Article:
Friday, March 27, 2009

Fermentation Friday: Spring Fever

I'm joining the ranks of the Fermentation Friday crew and posting on the topic. Bryon, at is this months host and will post is roundup here. This months topic is "Spring Fever".
"How will you grow or change as a homebrewer this Spring? How will you
embrace your Spring fever and channel it toward your homebrewing

This spring is going to be a crazy one for me. I have a lot going on and to be able to fit in some brewing sessions here and there will be key. As I've posted before, Ive been asked to brew some beer for my friends Kate and Shaun's wedding. So, naturally I'll need them to taste it before I brew the official batch. Almost all of my brewing this spring will be focused on this. I'm hoping to be able to get two good batches that they both like so I can have them for the wedding, in June!

On top of that, I've signed up to race in a Half-Ironman triathlon in July and I need to start getting a lot of training in and weekends are a great time for long runs and rides.....which eats into my brewing time. But, the good thing is that in the pat few months I've brewed a few batches so I'll have some tasty homebrew when I'm done my training sessions.

IF I had the time I want to dedicate to brewing, I think my main focus would be on consistancy. I have two recipes which have come out great in the past that I want to perfect. My APA and my Brown Session Ale. These beers are my best beers and If I can perfect them to a point where brewing them is like riding a bike, then I can kill two birds with one stone. First, I'll have two great recipes to base starting my brewing (whenever that may be) with, and second is, naturally, I'll have two awesome beers on tap at all times! WIN WIN for me!!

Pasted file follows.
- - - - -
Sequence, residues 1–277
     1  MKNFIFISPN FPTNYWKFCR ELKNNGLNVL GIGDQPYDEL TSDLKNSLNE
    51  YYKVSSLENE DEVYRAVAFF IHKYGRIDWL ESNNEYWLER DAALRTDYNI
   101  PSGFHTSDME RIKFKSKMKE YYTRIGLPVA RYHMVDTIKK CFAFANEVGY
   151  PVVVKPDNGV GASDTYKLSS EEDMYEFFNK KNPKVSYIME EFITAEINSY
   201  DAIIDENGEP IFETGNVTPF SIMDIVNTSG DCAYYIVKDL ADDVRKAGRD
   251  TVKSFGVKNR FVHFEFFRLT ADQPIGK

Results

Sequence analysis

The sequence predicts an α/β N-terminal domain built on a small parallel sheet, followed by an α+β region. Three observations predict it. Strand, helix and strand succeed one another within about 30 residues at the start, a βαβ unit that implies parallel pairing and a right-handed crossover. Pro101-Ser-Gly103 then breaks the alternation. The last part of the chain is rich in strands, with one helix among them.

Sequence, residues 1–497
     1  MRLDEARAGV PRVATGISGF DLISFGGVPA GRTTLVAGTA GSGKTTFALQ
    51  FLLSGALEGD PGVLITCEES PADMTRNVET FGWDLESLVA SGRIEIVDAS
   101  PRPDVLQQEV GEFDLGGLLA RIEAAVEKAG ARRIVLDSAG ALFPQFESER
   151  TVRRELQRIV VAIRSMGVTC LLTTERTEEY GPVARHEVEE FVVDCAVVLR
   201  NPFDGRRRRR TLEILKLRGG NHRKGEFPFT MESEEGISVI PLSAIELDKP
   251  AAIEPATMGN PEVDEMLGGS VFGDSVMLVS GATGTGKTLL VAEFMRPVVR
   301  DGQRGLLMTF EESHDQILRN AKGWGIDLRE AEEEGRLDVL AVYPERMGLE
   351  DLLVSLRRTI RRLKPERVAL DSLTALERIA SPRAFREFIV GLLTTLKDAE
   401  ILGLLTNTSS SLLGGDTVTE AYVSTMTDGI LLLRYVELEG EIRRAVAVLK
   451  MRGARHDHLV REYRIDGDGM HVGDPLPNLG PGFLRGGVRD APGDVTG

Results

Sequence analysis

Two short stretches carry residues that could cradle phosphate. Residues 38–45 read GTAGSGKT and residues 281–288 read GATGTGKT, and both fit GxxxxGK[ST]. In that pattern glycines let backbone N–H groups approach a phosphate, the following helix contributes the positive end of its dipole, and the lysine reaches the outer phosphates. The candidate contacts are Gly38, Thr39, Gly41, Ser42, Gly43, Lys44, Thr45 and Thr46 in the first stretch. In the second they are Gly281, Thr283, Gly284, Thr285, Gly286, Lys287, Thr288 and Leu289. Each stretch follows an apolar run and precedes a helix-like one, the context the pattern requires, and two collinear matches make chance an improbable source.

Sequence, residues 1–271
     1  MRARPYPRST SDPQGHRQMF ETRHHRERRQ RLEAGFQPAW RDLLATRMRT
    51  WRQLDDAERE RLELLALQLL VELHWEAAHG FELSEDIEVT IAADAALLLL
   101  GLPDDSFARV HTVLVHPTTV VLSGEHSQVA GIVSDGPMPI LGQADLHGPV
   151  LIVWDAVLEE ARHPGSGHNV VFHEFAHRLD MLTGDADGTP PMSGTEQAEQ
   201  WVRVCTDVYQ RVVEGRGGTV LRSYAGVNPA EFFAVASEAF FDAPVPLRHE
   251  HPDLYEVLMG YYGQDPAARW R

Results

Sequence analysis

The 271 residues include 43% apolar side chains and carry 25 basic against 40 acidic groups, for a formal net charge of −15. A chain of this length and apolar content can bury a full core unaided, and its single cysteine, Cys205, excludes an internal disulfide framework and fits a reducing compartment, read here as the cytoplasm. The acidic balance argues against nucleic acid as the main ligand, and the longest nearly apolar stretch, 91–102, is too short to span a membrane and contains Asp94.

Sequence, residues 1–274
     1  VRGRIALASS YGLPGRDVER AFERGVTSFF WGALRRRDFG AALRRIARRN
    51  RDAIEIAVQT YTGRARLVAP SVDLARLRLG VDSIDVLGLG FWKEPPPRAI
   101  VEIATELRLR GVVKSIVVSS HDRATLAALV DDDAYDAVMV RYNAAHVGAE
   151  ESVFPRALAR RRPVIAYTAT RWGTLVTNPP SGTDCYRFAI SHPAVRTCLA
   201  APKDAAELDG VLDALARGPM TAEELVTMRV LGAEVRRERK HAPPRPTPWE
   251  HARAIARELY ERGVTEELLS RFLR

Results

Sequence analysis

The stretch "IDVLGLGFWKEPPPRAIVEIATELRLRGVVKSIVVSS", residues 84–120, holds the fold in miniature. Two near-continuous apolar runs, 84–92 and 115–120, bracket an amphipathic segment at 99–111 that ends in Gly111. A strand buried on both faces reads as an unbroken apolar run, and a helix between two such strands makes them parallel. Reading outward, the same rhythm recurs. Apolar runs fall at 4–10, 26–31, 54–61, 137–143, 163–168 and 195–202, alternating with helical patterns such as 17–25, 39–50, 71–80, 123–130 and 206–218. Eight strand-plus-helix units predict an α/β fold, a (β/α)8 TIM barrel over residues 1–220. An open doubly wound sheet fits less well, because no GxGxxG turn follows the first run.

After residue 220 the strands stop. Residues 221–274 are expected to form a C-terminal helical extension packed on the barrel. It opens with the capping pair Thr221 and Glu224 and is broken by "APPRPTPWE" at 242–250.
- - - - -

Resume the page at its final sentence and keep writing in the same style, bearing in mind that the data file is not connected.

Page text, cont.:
The other area I'd like to focus on, and I imagine a lot of others will too, is being more economically sound with my brewing. With the consistancy of the two brews mentioned above, I'd like to be able to make them for less. Hey, money doesn't grow on trees (someone should tell Obama that) so being frugal and trying to brew for less will be a big plus for me!!

Fermentation Friday was started by Adam over at Beer Bits 2, and it’s a chance for all homebrew bloggers to sound off on a singular theme at a set date - the last Friday of each month (check out Adam’s post explaining the origins).



Friday, March 6, 2009

Beer's Economic Impact

I came accross a great site today called Beer Serves America. The site goes into great detail about the impact beer has our nations (and states) economy. There is a tool on the site that allows you to view by state, and by district within your state, the economic impact the beer industry has. It was pretty amazing stuff. In 2006, Massachusettes employed just under 25,000 people in the industry earning wages over $255 million.

Now, I'm not an economist, but I read a great post (actually a few) on Lew Bryson's blog about taxes on beer/liquor/cigarettes etc. and how they don't work. With Govenor Deval's push for the new "Wellness Tax" I thought I'd point out this site. As Lew's post points out, NJ Tried this with smokes in order to help curb a budget crisis, and it backfired. People either stopped smoking or drove over the border to get their smokes and the State actually lost revenue.

Let's pray that the Wellness Tax doesn't go into effect. Because not only will your beer be more expensive, but that bag of skittles from the vending machine will be $2 soon!!


Tuesday, March 3, 2009

Two Brew Weekend